MINSK, 9 August (BelTA) – Despite the sanctions and the related challenges, the Belarusian economy has achieved an unprecedented balance as far as quality indicators are concerned, Belarus' Prime Minister Roman Golovchenko said at the meeting of the Council of Ministers hosted by Belarusian President Aleksandr Lukashenko on 9 August to discuss the functioning of the country's economy under sanctions and measures to overcome them, BelTA has learned.
The head of government admitted that the domestic economy has to operate amidst a very challenging external environment, since the sanctions imposed on Belarus by a number of countries affect all aspects of the export, from product delivery to transfer of revenues. According to the prime minister, in order to make up for the income lost to the sanctions, a set of measures has been taken to boost production and export in other industries. An increase in production of certain goods will push gross output up and generate additional revenue.
“The export of goods is growing every month, and in June it almost reached last year's level, and the export to Russia hit its all-time record of $2 billion per month,” he said.
“The economy has contracted, but, in our opinion, it has never been so balanced before. This shows a high adaptability of the economy to external shocks and the adequacy and effectiveness of the measures taken,” Roman Golovchenko said. He cited some statistics to illustrate his point.
Thus, the gross external debt is the lowest in the past seven years, the debt burden of enterprises is decreasing, the debt-to-revenue ratio is slightly more than 50%, which is the best ratio over the past six years. The share of poorly-performing organizations dropped by 1.5 times, the profitability of sales is 8.1%, the highest in the past ten years. Foreign direct investment on a net basis amounted to $1.8 billion in Q1, which is an all-time record. “This confirms that despite external pressure the country retains its investment appeal and foreign companies reinvest funds in the economy,” the premier said.
In January-July, Belarus posted a record high trade surplus of $2.3 billion. “Thus, our foreign trade is generating record-high foreign currency revenues, which helps maintain stability on the foreign exchange market. Now there are no imbalances that would prevent us from stimulating economic growth,” Roman Golovchenko stressed.
Speaking about the government's tasks for the near future, the prime minister announced plans to provide maximum possible support to the non-primary economic sectors that will be competitive in foreign markets. There are plans to increase exports to Russia to $23 billion, up 40% over the past year; the export to China is to amount to $2 billion, up 2.2 times over the past year. Exports to far-away countries will also expand to exceed $9 billion. In addition, a draft agreement on the allocation of Russia's loan to implement import substitution projects is at the final stage. “By the end of the year we are to launch seven projects that were recognized urgent by the parties. These projects are estimated at $330 million,” said Roman Golovchenko. He specified that these projects have to do with production of lighting equipment and components for mechanical engineering.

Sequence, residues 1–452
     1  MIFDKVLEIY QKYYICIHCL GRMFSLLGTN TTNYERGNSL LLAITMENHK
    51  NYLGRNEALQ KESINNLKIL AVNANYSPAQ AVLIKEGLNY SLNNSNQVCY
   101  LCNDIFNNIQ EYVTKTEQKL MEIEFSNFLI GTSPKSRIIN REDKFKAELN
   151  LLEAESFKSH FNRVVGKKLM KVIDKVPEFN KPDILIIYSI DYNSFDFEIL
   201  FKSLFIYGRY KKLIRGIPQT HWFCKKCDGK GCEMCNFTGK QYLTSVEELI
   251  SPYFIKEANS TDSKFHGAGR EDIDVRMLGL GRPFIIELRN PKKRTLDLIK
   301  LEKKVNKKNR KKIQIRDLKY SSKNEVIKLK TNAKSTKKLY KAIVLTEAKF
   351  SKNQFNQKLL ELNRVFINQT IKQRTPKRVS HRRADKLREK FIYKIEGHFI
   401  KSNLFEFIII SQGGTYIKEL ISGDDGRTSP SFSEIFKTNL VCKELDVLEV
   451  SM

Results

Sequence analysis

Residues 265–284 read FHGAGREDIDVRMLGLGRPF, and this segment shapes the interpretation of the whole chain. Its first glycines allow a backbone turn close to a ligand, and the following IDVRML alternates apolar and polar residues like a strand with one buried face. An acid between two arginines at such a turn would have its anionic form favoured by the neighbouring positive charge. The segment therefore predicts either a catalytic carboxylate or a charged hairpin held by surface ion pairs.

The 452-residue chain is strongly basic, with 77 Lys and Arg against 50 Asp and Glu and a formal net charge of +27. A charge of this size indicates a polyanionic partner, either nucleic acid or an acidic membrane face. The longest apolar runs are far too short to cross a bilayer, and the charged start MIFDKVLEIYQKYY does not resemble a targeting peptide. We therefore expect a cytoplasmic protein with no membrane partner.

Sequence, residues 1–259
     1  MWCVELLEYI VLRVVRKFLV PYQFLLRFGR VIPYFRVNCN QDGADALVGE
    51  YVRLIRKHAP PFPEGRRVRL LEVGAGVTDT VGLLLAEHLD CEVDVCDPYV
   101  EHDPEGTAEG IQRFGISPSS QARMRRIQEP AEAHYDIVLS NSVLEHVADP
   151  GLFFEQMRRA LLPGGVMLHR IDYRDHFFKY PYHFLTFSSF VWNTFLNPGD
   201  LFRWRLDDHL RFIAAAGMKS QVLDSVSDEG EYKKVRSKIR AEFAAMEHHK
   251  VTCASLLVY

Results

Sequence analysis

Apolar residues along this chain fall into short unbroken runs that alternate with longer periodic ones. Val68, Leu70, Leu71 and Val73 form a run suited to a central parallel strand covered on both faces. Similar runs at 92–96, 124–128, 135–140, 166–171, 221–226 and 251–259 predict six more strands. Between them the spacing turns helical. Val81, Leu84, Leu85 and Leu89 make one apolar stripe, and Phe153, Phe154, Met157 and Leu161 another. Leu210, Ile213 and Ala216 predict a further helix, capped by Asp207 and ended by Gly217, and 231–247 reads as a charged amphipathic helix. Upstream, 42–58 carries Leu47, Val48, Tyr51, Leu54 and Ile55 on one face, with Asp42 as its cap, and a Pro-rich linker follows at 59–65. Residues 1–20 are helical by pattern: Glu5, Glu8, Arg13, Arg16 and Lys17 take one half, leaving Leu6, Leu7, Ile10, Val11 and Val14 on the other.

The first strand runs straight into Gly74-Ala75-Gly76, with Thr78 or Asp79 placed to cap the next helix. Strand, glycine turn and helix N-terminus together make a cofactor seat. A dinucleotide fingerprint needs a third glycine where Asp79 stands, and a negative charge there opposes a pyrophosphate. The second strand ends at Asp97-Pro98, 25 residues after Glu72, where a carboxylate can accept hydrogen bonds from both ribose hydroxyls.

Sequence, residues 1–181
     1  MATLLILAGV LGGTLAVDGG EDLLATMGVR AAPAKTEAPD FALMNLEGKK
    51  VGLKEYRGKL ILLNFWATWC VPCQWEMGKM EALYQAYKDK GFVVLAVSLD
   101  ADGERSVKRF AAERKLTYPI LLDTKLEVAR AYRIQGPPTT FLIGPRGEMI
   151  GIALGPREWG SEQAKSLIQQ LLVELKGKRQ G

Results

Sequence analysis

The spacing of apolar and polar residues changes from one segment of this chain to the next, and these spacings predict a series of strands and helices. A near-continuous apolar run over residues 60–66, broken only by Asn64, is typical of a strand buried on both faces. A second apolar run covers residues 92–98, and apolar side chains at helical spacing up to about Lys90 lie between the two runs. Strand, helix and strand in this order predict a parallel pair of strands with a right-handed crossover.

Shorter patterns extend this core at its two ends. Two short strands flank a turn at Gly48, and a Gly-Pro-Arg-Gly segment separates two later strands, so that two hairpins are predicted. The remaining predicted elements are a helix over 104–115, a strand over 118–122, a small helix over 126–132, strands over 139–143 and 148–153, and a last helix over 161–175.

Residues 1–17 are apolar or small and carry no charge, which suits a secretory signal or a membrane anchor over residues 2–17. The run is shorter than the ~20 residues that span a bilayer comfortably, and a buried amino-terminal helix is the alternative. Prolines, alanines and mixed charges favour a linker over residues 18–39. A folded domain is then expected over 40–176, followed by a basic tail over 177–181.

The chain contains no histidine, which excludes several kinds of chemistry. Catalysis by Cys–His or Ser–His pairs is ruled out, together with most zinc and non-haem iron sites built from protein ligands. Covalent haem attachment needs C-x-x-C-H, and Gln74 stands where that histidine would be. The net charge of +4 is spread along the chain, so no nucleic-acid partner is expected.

According to the prime minister, improving the quality of life and welfare of people is an absolute priority for the government. Thus, a number of measures have been taken to maintain income growth: the base amount in the public sector will increase by 4.5% on 1 January to be followed by another increase in autumn. The minimum wage will go up by 14% at the beginning of the year, followed by indexation. Since 1 March pension benefits for retirees have risen by 7%, since 1 August by 10%. “As a result, the average retirement pension benefits for non-working pensioners in August will be Br638, up by almost 25% year-on-year,” the head of government said.
“The government is aware of the seriousness of the situation and the responsibility for fulfilling its tasks. Our success relies on mobilization, focus, and speed in decision-making. Being under such a tough pressure our economy has contracted, of course, but I believe that we have turned the corner, there are no shocks, tasks have been set. People know what to do. They need to fulfill their tasks,” the premier said.
The meeting also discussed the work of manufacturing, agricultural, construction enterprises and each of these industries.